A small boy sits on a stool next to the stand, holding a splintered stick in one hand and throwing small stones with the other against the stone walkway. As the group approaches, the boy glances up. He takes them in quickly then lowers his eyes back to his small activity.
“We’re looking for Nani Hofster?” Kemp asks. “This is his shop, right?”
“Maybe. Why you looking for him? I’m not good enough to do business with?” the boy says, slamming a stone against the walkway.
“We’re not here to do business. We have some questions for Nani about the caravan that travels through the Redlands,” Crofton says, eyeing the boy with an annoyed expression. “Are you even old enough to be in charge of any business?”
The boy stops throwing the stones and glares at Crofton. “Are you even useful enough without being able to use any magic?”
Crofton’s face pales and his lips become thin lines. He takes a threating step towards the boy. “What’d you say, you little shit?”
Placing her hand across Crofton’s chest, Ari steps between him and the boy. “Please don’t tick off my friend. If we buy something from you, will you tell us where Nani Hofster is? Or should we just go inside and take a look at the rest of what you’re offering?”
Eyeing Ari with an intrigued expression, the boy stands and walks up to her. He places the splintered stick on her shoulder. “There’s nothing inside for you. You want Nani you gotta pass my test.”
“Now there’s a test? This kid’s messing with us. Let’s just go. I’m sure there’s someone else we can talk to.” Crofton knocks the stick off of Ari’s shoulder.
Kemp groans. “You already know this is the closest we’ve gotten to a lead on any caravan heading for the Redlands. I’m tired of talking to people who don’t know anything.”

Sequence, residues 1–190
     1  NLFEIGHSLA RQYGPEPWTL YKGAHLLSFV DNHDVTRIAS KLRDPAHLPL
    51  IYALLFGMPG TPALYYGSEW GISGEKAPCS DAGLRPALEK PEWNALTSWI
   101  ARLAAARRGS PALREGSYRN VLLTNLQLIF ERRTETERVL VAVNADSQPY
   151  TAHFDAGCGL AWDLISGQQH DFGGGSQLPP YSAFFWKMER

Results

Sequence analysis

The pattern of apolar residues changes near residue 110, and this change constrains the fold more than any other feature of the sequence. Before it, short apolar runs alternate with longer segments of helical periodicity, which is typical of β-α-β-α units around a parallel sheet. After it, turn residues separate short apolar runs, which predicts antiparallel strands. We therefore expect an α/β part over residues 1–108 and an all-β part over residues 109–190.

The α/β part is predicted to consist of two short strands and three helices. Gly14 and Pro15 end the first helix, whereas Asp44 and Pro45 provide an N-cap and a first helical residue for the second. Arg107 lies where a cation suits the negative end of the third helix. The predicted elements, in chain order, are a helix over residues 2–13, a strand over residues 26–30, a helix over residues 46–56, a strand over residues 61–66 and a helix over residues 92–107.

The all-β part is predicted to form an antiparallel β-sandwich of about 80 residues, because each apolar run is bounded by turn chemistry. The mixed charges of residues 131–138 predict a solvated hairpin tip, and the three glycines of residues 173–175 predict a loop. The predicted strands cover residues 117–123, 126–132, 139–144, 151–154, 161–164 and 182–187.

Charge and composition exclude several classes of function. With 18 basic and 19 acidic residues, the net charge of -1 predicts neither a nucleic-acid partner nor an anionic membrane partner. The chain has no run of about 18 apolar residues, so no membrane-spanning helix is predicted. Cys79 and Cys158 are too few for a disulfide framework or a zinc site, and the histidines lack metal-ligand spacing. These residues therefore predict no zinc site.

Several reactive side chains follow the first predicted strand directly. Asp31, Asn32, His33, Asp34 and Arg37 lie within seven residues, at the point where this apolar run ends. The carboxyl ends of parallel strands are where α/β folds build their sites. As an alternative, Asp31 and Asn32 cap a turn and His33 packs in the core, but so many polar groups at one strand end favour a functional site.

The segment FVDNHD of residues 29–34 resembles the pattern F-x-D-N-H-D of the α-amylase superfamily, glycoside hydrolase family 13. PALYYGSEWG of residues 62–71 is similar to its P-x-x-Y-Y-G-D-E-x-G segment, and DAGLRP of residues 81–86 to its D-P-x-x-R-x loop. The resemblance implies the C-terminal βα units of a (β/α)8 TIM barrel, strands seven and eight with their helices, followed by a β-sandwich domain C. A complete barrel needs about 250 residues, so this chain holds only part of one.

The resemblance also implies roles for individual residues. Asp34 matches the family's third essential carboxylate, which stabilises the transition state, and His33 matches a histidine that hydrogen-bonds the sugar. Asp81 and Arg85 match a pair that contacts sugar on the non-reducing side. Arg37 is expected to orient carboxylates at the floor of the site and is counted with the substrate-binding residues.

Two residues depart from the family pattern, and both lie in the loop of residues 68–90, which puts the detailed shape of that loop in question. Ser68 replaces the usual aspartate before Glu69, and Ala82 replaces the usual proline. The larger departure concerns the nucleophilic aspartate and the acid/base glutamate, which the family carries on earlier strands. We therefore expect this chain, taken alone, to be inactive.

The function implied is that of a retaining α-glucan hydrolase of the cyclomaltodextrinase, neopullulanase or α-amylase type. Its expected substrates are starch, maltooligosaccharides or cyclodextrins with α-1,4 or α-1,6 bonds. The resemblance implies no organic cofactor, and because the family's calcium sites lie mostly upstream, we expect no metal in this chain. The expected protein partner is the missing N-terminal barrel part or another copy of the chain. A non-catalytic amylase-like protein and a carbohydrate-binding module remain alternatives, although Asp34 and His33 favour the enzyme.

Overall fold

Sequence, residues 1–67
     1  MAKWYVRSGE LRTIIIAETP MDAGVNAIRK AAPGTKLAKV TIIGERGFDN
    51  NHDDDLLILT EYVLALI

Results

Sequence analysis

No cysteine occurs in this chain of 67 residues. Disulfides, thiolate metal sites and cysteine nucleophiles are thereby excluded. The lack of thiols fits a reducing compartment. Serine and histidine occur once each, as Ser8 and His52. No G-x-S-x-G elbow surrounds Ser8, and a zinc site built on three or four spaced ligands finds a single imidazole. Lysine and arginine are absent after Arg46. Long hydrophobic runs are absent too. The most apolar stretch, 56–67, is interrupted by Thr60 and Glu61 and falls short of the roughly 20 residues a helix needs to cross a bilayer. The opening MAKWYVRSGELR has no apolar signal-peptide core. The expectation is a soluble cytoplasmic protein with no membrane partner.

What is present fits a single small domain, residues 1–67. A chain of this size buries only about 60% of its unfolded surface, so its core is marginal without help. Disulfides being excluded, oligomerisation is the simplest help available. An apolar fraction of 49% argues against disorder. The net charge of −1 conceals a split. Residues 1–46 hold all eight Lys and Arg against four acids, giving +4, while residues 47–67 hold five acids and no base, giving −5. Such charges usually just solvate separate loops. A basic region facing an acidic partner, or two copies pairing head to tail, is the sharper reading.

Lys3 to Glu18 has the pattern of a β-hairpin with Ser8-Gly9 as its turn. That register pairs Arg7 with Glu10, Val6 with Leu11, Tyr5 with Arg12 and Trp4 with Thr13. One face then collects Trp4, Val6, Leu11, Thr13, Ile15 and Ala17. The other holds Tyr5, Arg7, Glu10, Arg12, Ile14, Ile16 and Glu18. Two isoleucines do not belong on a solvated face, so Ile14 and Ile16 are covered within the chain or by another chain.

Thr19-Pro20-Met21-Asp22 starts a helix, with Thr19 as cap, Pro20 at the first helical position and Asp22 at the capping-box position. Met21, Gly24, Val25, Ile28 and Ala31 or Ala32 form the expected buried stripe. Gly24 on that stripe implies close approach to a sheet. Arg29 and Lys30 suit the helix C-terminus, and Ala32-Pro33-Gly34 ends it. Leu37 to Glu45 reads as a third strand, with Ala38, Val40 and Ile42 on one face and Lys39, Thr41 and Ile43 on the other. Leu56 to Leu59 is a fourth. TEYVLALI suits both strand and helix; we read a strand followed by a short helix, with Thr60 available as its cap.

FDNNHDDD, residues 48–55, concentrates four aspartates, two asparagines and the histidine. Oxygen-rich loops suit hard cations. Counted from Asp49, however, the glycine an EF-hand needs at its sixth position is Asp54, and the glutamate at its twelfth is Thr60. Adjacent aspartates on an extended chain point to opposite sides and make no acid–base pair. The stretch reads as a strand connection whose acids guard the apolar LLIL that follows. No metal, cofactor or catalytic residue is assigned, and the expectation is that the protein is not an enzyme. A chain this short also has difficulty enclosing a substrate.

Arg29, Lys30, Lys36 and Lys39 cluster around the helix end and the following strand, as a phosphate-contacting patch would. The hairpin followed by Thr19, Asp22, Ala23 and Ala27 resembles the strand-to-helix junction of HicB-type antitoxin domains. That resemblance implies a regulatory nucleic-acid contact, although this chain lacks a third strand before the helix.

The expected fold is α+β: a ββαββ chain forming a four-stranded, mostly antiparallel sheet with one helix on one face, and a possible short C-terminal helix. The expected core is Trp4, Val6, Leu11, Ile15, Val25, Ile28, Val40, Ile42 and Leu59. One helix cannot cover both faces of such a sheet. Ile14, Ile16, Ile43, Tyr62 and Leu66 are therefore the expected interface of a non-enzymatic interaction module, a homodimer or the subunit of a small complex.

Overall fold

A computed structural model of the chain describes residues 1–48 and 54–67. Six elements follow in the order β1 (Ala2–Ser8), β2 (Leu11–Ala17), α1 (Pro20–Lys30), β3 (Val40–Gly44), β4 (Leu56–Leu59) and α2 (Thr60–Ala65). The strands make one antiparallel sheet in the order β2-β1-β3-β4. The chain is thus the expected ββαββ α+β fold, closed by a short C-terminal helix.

The boy shoots an annoyed look at the two men. “I’ll only talk to her and since you two won’t shut up, we’ll do the test inside and you can stay out here.”
“Absolutely not!” Crofton seethes.
“Crofton, shut the hell up,” Ari says. “Stay out here with Kemp and keep an eye out for anyone who may look like part of a caravan or…looking for trouble. I won’t be long.”
Before Crofton or Kemp can argue, Ari takes the boy by the arm and drags him into the shop. She shuts the door behind her and throws the boy to the center of the room. “Do you always insult your customers?”
“You gonna tell my mother?” the boy asks, tapping the stick against his leg.
“That would be pointless since you’re not a child, at least, not on the inside. I’m assuming you’re Nani?” Ari places her bag on the nearby counter. She faces the boy and crosses her arms over her chest. “Why the disguise?”
“Who says it’s a disguise? Kids can be shop owners. Maybe I’m mature for my age.”
“Whatever, if you don’t want to tell me why that’s your business. You know about the caravan heading for the Redlands and when they’ll be passing through this town again.”
“Maybe, why specifically do you need a caravan heading through the Redlands?”
“That’s my business.”
The boy, Nani, plays with the stones in his other hand. The stick tapping his leg slows as his thoughts race and his eyes move slowly over Ari. “Does it have anything to do with the recent attack on Kellahn?”
Ari keeps her expression guarded. “What’ve you heard about the attack?”
“A large number of magic users died during that attack. They seemed to have been targeting them specifically.” Nani steps closer to Ari. “And I heard we lost one of our legendary mages. A Life Healer named Meah. Did you know her?”
“Everyone in Kellahn knew her.”
“Mm, I imagine they did, but how about you? What was your relationship with her?”
“Is this part of your test? Asking questions you already know the answer to?” Ari feels a thin layer of her air magic wrapping around her.
“You’ve already passed the test. I’m only being courteous by asking questions. It’s this strange thing called communication, something you and those two outside seem to lack.”
“We communicate fine.”
Nani leans against a table. “Is that why you don’t know Kemp’s village was destroyed by the same group that attacked your city?”